Decoupling: Is there a Separate Contribution from Environmental Taxation

      Decoupling is a crucial topic in the analysis of sustainable development. Without decoupling, continuing and increasing economic growth in developed and developing countries would come with ever increasing environmental pressures, unavoidably destroying the carrying capacity of ecosystems with corresponding detrimental effects on the environment and societies.


      Determinantes de Cumplimiento en el Programa de Tasas Restributivas de Colombia. El Caso de Corpochivor

      We evaluate the factors that influence the reported level of pollution and those referred to the compliance with the payment of discharge fees from sources regulated under the Colombia’s Discharge Fee Program. The analysis uses a data set that contains information at plant level and considers individual sources operating under the jurisdiction of the Regional Autonomous Corporation of the Chivor (Corpochivor), for period 2001-2006.


      Attitudes towards CO2 taxation - is there an Al Gore effect?

      Fuel taxes are one of the most powerful climate policies. Yet, these taxes have not been given very much attention in the global debate regarding climate policy, compared with other instruments, such as tradable emission permits. This article shows, however, that the immense media coverage during fall 2006 significantly affected people's attitudes towards the CO2 tax on gasoline.


      Fuel tax incidence in developing countries: The case of Costa Rica

      We use household survey data and income-outcome coefficients to analyze fuel tax incidence in Costa Rica. We find that the effect of a 10 percent fuel price hike through direct spending on gasoline would be progressive, its effect through spending on diesel—both directly and via bus transportation—would be regressive (mainly because poorer households rely heavily on buses), and its effect through spending on goods other than fuel and bus transportation would be relatively small, albeit regressive. Finally, we find that although the overall effect of a 10 percent fuel price hike through all types of direct and indirect spending would be slightly regressive, the magnitude of this combined effect would be modest. We conclude that distributional concerns need not rule out using fuel taxes to address pressing public health and safety problems, particularly if gasoline and diesel taxes can be differentiated.


      Distributional equity of fuel tax in Costa Rica

      Perhaps current prices of fossil fuels are the reflection of the hurricane's eye passing through the global markets. Before exorbitant oil prices again steal all the attention, it is important to analyze our policies on public and private transport management in general. And in particular fuel tax policies, which is here discussed by Francisco Alpizar, Rebecca Osakwe and Allen Blackman.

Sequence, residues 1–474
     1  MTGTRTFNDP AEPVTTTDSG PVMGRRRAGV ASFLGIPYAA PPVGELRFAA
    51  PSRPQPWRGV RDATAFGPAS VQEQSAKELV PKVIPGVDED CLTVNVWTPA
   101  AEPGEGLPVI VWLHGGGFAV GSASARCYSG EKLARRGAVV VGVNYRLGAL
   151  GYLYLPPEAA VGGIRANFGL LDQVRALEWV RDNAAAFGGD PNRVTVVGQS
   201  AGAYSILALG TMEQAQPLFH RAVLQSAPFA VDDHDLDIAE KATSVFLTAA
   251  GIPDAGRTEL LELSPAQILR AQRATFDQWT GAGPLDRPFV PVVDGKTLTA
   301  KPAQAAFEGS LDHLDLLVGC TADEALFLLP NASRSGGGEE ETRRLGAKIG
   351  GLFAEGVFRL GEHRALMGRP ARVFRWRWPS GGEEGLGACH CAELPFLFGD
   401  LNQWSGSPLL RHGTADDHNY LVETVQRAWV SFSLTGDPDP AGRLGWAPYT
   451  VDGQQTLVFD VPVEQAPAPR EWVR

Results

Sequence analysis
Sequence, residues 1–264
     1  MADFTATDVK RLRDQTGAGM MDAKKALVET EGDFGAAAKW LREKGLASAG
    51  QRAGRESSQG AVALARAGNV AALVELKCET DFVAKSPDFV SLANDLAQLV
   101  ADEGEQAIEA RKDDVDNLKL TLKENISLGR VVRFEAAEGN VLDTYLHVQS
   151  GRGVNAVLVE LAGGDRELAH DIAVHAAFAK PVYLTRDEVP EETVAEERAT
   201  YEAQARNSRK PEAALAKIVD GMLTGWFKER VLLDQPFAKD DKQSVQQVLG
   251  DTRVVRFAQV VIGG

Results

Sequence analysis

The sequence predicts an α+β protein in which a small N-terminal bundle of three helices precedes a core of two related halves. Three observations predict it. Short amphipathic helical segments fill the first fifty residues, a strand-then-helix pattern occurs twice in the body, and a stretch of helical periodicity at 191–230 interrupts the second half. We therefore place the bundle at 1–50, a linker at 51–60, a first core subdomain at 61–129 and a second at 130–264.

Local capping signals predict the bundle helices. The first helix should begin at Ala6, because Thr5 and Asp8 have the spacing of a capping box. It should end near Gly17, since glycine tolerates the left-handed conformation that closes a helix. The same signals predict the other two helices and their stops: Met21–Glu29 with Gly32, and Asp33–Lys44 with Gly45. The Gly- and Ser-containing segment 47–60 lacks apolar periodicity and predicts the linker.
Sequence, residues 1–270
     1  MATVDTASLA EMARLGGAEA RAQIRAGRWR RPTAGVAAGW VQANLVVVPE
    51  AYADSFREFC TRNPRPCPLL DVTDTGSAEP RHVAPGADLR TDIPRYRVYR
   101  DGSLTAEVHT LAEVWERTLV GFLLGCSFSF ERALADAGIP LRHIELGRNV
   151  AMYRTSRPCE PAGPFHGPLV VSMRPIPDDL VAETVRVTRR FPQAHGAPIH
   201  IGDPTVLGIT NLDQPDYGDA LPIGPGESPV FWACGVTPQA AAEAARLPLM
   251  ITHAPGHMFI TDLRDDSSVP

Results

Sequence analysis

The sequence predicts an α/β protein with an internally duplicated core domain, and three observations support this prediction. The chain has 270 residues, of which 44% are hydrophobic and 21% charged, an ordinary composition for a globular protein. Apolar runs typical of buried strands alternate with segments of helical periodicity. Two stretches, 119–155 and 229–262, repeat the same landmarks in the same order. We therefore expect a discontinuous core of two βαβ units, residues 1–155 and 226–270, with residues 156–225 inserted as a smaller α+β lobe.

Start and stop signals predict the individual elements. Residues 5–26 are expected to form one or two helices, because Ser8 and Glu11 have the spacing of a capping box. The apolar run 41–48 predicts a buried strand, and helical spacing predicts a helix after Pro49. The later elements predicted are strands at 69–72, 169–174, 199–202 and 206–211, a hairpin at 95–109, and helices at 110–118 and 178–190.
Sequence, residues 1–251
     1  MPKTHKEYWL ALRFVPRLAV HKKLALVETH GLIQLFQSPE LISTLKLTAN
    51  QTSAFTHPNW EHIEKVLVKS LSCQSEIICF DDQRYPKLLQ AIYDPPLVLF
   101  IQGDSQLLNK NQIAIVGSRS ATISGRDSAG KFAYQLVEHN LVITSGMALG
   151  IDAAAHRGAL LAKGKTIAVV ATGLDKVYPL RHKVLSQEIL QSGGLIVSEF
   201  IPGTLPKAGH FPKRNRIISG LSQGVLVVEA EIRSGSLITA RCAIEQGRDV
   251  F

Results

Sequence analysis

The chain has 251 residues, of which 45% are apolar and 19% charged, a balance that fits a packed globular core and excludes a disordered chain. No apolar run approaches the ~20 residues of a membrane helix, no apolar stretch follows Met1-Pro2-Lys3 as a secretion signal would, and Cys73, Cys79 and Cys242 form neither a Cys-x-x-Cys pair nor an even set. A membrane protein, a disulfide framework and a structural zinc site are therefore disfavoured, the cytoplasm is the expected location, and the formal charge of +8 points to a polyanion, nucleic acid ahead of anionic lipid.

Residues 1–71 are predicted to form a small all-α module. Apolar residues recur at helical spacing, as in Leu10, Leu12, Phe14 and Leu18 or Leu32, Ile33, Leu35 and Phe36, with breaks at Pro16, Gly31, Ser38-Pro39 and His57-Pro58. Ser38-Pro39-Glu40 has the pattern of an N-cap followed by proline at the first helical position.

A Note on Emissions Taxes and Incomplete Information

      In contrast with what we perceive is the conventional wisdom about setting a second-best emissions tax to control a uniformly mixed pollutant under uncertainty, we demonstrate that setting a uniform tax equal to expected marginal damage is not generally efficient under incomplete information about firms’ abatement costs and damages from pollution.


      Taxes, Permits, and the Diffusions of a New Technology

      The author looks at the effects of the choice between taxes and permits on the pattern of adoption of a new emissions abatement technology. The regulator determines the optimal ex-post amount of emissions before firms start to adopt the technology. Each firm decides when to adopt, considering benefits, costs, and advantage gained over their rivals, producing a sequence of adoption that is “diffused” into the industry over time.


      Are demand elasticities affected by politically determined tax levels?

      Raising the price of fossil fuels is a key component of any effective policy to deal with climate change. Just how effective such policies are is decided by the price elasticities of demand. Many papers have studied this without recognising that not only is there a demand side response: quantities are decided by the price but also there is a reverse causality: the level of consumtion affects the political acceptability of the taxes which are the main component of the final price. Thus prices affect consumption levels, in turn, have an affect on taxes and thus consumer prices. This paper estimates these functions simultaneously to show that there is indeed an effect on the demand elasticity.


        Water tariff design in developing countries: Disadvantages of increasing block tariffs and advantages of uniform price with rebate designs

        Increasing block tariffs (IBTs), widely used in the developing world, are claimed to produce desirable income transfers, discourage wasteful use, promote economic efficiency, and assure access to sufficient water for basic sanitation. In fact, these claims are either excessive or incorrect. In practice, IBTs are likely to promote inefficiency, inequity, unfairness, net revenue instability, and other negative consequences. An alternative tariff design, a uniform price with rebate (UPR), is presented.


        Optimal environmental road pricing

        An optimal first-best road charge should not only be differentiated with respect to factors that affect the direct external environmental and time costs from the road-user himself.


        Environmental Taxes in Europe

        This paper provides an overview and a discussion of environmental taxes in Europe. On the whole, most European countries have fairly high levels of environmental taxation – at least compared to the US.


        Environmental Charges in Airline Markets

        Over the last two decades many airline markets have been deregulated, resulting in increased competition and use of different types of networks. At the same time there has been an intense discussion on environmental taxation of airline traffic. It is likely that an optimal environmental tax and the effects of a tax differ between different types of aviation markets.


        Energy use in the Namibian economy from 1995 to 1998

        As part of a natural resource accounting project being undertaken in Namibia, energy accounts have been compiled and are used to analyse energy use by different economic sectors. Households account for most energy use, especially of traditional fuels, and many households continue to rely on Ž rewood even when they have access to electricity.